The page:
How to Set Up Core JavaServer Faces
Example Code in Eclipse

Russell Bateman
last update: 5 May 2010

Table of Contents

Step by step
Running a new project
Appendix A: Setting up a database...
Appendix B: web.xml
Appendix C: faces-config.xml


In celebration of Cinco de mayo, 2010, I thought I'd throw this little how-to together for anyone who cares. It shows you the steps to setting up Geary's and Horstmann's sample code for use in Eclipse (Galileo). It would also be useful as a guide to making Eclipse projects of most any other sample source code. For example, I happen to own the Second Edition of this book, not the Third which covers JSF 2.0 and is already out. (I just haven't yet decided whether it's going to be relevant to me.)

Download the sample code for Core JavaServer Faces, Second Edition from their web site. I'm assuming you have the book, which is available on Safari and elsewhere, and that this exercise is relevant to you. The examples are pretty dang good, often in excruciating and enlightening detail.

Depending on which exercises you undertake, you might want to keep a thumb in this page since there is an errata link containing corrections to some of the code. Don't scratch your head before visiting this link for sample code that doesn't seem to work.

Some examples simply will not work as is. Many of these are discussed in the FAQ at the web site. In addition to those listed, the database-consuming examples will not work because you don't have a database set up, e.g.: for chapter 5's database project. See Appendix A: Setting up a database for these examples.

Step by step

  1. Download the sample code by clicking on the Source code for all examples link (click on the picture of the book above). Put the zip somewhere plausible to your development process. I put mine at C:\Users\russ\dev\downloads. Unzip it and clean up whatever you like to delete.
  2. Create a new folder, workspace, in the corejsf2-examples subdirectory.
  3. Launch Eclipse and set up the new workspace for JSF and web development. See Setting up Eclipse for web development.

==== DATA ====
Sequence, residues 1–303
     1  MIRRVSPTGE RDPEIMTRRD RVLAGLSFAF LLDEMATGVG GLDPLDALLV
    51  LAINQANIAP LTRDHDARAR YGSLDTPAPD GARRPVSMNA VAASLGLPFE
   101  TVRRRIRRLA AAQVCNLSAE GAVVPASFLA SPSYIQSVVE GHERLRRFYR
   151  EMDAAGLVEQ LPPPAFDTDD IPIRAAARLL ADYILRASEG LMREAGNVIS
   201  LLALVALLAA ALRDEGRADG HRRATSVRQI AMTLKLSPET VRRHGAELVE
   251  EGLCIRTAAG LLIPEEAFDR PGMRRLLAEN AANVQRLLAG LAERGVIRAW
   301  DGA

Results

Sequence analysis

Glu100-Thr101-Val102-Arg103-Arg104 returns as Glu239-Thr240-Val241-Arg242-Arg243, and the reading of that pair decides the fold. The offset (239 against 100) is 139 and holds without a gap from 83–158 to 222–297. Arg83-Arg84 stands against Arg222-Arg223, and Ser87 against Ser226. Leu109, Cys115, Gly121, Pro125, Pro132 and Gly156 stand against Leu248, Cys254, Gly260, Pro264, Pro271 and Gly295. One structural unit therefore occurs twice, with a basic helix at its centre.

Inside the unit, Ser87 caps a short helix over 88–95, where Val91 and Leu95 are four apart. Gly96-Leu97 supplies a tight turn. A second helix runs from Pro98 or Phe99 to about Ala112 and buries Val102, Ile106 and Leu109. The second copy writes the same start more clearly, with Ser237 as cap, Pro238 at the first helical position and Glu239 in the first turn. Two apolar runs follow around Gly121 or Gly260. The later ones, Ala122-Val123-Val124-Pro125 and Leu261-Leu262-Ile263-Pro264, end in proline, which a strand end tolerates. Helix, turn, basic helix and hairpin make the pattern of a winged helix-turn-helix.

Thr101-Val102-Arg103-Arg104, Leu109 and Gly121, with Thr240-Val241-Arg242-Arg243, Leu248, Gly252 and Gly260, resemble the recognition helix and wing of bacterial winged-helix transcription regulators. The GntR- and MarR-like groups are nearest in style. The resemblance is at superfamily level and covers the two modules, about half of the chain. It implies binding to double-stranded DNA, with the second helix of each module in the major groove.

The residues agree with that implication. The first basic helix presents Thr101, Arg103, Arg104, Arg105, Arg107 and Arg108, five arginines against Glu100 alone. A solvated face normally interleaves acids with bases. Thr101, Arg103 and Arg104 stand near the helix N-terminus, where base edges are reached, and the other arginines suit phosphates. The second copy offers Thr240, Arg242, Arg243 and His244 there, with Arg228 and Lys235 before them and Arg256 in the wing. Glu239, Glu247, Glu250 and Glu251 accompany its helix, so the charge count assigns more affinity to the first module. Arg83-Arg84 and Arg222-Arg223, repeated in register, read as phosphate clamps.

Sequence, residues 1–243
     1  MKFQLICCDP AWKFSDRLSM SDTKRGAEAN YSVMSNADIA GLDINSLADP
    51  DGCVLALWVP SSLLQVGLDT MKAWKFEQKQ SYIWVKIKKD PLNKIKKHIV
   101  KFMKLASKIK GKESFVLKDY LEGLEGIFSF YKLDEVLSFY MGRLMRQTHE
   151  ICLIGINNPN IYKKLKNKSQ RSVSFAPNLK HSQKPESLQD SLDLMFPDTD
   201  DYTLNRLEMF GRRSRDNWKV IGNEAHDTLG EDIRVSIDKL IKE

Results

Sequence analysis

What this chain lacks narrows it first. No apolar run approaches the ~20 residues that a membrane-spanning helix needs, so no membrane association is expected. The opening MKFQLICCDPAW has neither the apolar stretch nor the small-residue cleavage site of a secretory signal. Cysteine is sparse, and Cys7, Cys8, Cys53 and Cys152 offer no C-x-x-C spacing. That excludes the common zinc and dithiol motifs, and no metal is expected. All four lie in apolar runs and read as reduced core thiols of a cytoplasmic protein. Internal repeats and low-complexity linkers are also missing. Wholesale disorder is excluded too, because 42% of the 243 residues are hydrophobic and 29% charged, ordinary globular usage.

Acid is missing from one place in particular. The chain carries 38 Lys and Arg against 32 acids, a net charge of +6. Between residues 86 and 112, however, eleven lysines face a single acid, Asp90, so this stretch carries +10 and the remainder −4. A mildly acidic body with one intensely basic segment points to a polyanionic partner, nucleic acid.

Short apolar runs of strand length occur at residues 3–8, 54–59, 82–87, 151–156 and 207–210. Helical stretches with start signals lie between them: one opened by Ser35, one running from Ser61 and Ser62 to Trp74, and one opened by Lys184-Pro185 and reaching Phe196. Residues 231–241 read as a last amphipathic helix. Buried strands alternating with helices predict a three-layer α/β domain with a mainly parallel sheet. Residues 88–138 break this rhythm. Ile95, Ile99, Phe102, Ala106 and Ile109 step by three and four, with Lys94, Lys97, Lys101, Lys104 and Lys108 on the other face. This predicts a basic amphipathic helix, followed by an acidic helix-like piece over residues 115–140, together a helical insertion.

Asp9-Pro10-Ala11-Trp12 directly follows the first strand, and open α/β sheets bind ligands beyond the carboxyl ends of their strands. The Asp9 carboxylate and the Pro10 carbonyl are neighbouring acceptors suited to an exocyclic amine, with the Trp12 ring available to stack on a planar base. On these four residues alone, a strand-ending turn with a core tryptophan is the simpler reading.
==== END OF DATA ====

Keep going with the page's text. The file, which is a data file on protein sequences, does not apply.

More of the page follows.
5. IMPORTANT: Each subdirectory of each chapter directory under corejsf2-examples will become an Eclipse project. Under each of these, there is a subdirectory named web. Eclipse prefers to call this directory WebContent, so you must be careful when creating the project not to leave the default name or you'll end up with a mess to clean up. (More on this in a moment.)
  7. Right-click in the Project Explorer view and choose New, then Dynamic Web Project. You might have to choose Other..., then Web to find this wizard.
  9. Uncheck Use default and then browse to the sample (project) you wish to set up, for example, corejsf-examples/ch1/login-xml, then type the name, ch1.login-xml, into Project name:. You browse first to find the project code, then take note of the name to use and prefix it using the chapter directory name. This is because some sample code projects have the same name under different chapters.
  11. Target runtime should be Apache Tomcat v6.0 and Dynamic web module version should be 25.
  13. Change Configuration from Default Configuration for Apache Tomcat v6.0 to JavaServer Faces v1.2 Project.
  15. Click Next twice.
  17. Change Content directory from WebContent to simply web. This is necessary because Geary/Horstmann named their equivalent subdirectory thus while Eclipse prefers the later name.
  19. If Generate web.xml deployment descriptor isn't checked, click to check it.